Re: Traditional Xtianity teaches

From: John W Burgeson (burgytwo@juno.com)
Date: Mon Oct 21 2002 - 21:43:42 EDT

  • Next message: Adrian Teo: "RE: Traditional Xtianity teaches"

    >>AT: What puzzles me here is how does one not fall into situation ethics
    if what is very likely to be a wrong can be mitigated by other factors?In
    your view, are there absolute wrongs? For example, the taking of an
    obviously innocent life (at whatever point where it would be reasonable
    to conclude that the entity is a human life)? >>

    Situation ethics is not necessarily an evil. Let me expand on that.

    There are three types of ethical foundations:

    1. Deontological. Follow the rules
    2. Consequential. Strive for the best outcomes
    3. Virtue. Look for the action which best defines who you are -- your
    character

    An example. How much should I give of my income to my church and other
    worthy causes?

    1. Deontological. The rules says 10% and that's what I'll do. I will
    calculate the 10% to give the most favorable outcome (ie the least
    contribution).

    2. Consequential. The church really needs a new roof. I'll fund it.

    3. Virtue. I give in a way that if someone finds out how much I will have
    no reason to be embarrassed.

    In practice, of course, all three ways often work together.

    Another example. It is 1937 and the gestapo is at your door. In your
    basement are hiding your Jewish neighbors. The gestapo asks "Are there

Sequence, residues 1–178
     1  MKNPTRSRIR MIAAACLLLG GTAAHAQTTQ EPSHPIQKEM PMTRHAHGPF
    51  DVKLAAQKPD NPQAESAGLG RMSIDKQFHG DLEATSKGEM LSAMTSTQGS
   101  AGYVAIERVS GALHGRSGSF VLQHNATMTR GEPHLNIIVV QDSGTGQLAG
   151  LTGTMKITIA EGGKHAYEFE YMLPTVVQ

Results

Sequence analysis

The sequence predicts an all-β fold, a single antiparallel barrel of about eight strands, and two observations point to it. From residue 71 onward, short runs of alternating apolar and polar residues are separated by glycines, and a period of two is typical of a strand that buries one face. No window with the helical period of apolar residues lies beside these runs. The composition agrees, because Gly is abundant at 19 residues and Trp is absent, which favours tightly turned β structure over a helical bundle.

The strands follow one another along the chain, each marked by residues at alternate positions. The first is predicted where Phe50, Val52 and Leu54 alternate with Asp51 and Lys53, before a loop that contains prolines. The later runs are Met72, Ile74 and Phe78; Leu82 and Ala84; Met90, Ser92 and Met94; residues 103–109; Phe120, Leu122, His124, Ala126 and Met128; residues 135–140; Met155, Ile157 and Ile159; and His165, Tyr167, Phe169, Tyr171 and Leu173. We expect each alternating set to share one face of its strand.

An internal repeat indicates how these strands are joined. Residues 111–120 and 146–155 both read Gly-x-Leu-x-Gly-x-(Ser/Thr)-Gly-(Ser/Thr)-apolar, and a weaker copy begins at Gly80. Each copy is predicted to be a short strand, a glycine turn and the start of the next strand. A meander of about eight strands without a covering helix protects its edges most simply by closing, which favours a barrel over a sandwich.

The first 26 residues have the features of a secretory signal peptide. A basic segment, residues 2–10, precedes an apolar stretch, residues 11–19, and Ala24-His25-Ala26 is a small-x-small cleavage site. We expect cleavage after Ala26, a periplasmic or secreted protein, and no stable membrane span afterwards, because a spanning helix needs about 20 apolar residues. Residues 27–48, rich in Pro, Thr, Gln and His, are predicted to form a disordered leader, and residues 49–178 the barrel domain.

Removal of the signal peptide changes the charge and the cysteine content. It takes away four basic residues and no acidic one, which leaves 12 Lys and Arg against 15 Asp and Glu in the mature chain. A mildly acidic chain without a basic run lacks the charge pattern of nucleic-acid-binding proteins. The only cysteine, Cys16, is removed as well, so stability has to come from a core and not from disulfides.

any Jews in your house?"

    1. The rule is, don't lie. You answer "yes."

    2. You answer "no" to try to achieve the best outcome for those in the
    basement.

    3. You answer "no," because that's how you view yourself.

    I reread Fletcher's book every few years. It makes a lot of sense.

    Are there "absolute" wrongs? I try to stay away from the words "always"
    and "never." But I can think of some wrongs for which I can identify
    nothing that would make them less than absolute. Child abuse involving
    deliberate torture comes to mind.

    You conclude by saying: "For example, the taking of an obviously innocent
    life (at whatever point where it would be reasonable to conclude that the
    entity is a human life)? "

    This cannot be an absolute, for I can specify a situation where taking
    the innocent life is the ethical and moral thing to do. There are many
    examples of this in the literature. Try this one.

    You stand at a railway switch. Just ahead of you on the right track is a
    new born lovely baby girl. Just ahead of you on the left track are twenty
    people, including your loved ones, President Bush, Mother Teresa, Billy
    Graham, several small children, etc. You get the drift.

    The switch is set left as the runaway train approaches. You can hit a
    button and send it to the right. You can stand by and see 20 people
    killed, or you can push a button and be responsible for one (innocent)
    death.

    I do not ask you what you would do -- I do not know that I would push the
    button -- or not. I offer the example only as an illustration that the
    "taking of an innocent life" is not all that cut and dried.

    Some people see a difference between inaction (stand by) and action (push
    the button). It is easy to change the example (set the switch to the
    right initially) or make it so you MUST set the switch one way or
    another.

    Have you looked at the six testimonies on my web site yet? I'd be
    interested in your comments.

    John Burgeson (Burgy)

    http://www.burgy.50megs.com
            (an eclectic site about science/theology, quantum mechanics,
             ethics, baseball, humor, cars, philosophy, etc.)



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